Every medical student in the United States is taught about the notorious Tuskegee Syphilis Experiment in which hundreds of poor blacks living in Tuskegee Alabama, between 1932 and 1972 were, without their knowledge, enrolled in a study looking at the effects of untreated syphilis. Blacks with syphilis were not given antibiotics and the natural course of their disease was followed, while they received token physical examinations. The study made absolutely no sense, and was highly unethical, because penicillin effectively treats syphilis and is still used today to prevent chronic syphilis infection which can be fatal. Worse, the poor black farmers in the study weren’t even told that they had syphilis.
Recently it was reported in the news that United States government researchers working in Guatemala in the years from 1946 to 1948 used a number of methods, including prostitutes and inoculation, to purposely infected prisoners and people with mental disabilities with syphilis. The scientific purpose was to study the effects of antibiotics on the prevention of the transmission of syphilis. Though the study participants were offered treatment, there was apparently no follow-up to see if all of them have been cured of this disease which they never should have been intentionally given in the first place. The final stage of syphilis, called, “tertiary syphilis”, is fatal in 20% of patients who are untreated, and can cause neurological and mental impairment and heart disease.
When the Tuskegee experiment came to light it lead to generations of black people distrusting public health measures, the government, and fears that the HIV was intentionally engineered to harm black people. The effects of the Guatemalan experiment-which had to be made public-will likely engender some level of mistrust of Americans working and volunteering in the country. This is sad because there is a lot of good that public health measures funded by rich countries such as the United States can do in Guatemala.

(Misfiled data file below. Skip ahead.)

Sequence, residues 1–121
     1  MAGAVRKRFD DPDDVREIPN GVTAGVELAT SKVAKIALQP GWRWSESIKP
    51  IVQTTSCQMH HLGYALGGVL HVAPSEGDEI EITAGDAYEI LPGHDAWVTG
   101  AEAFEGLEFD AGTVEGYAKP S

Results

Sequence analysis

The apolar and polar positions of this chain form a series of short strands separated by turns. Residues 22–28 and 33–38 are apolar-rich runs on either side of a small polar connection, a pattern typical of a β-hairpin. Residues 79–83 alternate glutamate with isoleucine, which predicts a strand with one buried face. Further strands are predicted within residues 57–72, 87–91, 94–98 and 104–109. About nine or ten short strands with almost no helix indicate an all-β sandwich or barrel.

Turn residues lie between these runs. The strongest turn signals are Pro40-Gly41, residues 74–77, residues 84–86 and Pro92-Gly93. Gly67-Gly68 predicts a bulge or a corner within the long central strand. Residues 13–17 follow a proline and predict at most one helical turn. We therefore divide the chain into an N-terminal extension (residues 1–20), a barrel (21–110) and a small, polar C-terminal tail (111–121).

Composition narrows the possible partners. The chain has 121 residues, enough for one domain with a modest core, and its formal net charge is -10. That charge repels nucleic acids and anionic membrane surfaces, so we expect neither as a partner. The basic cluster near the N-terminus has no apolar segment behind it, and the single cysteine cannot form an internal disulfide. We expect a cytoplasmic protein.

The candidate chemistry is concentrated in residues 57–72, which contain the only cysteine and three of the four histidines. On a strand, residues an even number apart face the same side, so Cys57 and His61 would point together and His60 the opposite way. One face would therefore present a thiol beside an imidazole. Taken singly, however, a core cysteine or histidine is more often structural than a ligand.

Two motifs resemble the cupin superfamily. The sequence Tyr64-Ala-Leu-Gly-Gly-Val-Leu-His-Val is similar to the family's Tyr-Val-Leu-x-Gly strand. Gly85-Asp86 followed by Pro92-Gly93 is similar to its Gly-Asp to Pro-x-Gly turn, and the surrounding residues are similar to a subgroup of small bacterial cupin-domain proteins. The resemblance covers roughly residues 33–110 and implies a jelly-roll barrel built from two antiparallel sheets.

However, since these experiments happened decades ago, surely nothing similar would ever be done in the name of science again?
As the HIV/AIDS pandemic continues to heavily affect areas of high prevalence, such as sub-saharan Africa, researchers are using some of the same selling points that the Tuskegee researchers used to get participants. For example, poor black farmers in the South in the 1940s had little hopes of obtaining medical care, yet this is what the Tuskegee experiment offered: free medical exams, free meals and free burial insurance. The realization among these poor black farmers that some health care was better than none at all is the same “hook” that HIV researchers use in Africa to justify vaccine and medication trials.
After all, in some African countries there may be very limited health care services so that the limited care that researchers provide is “better than nothing.” In some cases in HIV trials in Africa a known effective treatment has not been offered to patients due to a feeling that these patients never would have received the medication in the first place, or that the scientific knowledge gained outweighed the harm done.
One recent trial, (the SAPIT trial) looked at the optimal timing of HIV treatment for patients co-infected with TB (tuberculosis) and HIV. Patients in one cohort had their TB treated first, and their HIV infection was allowed to smolder well past the point when HIV medications would normally be started. In fact, patients with CD4 counts less than 200, one of the criteria for AIDS, waited as long as 11 months before beginning HIV treatment.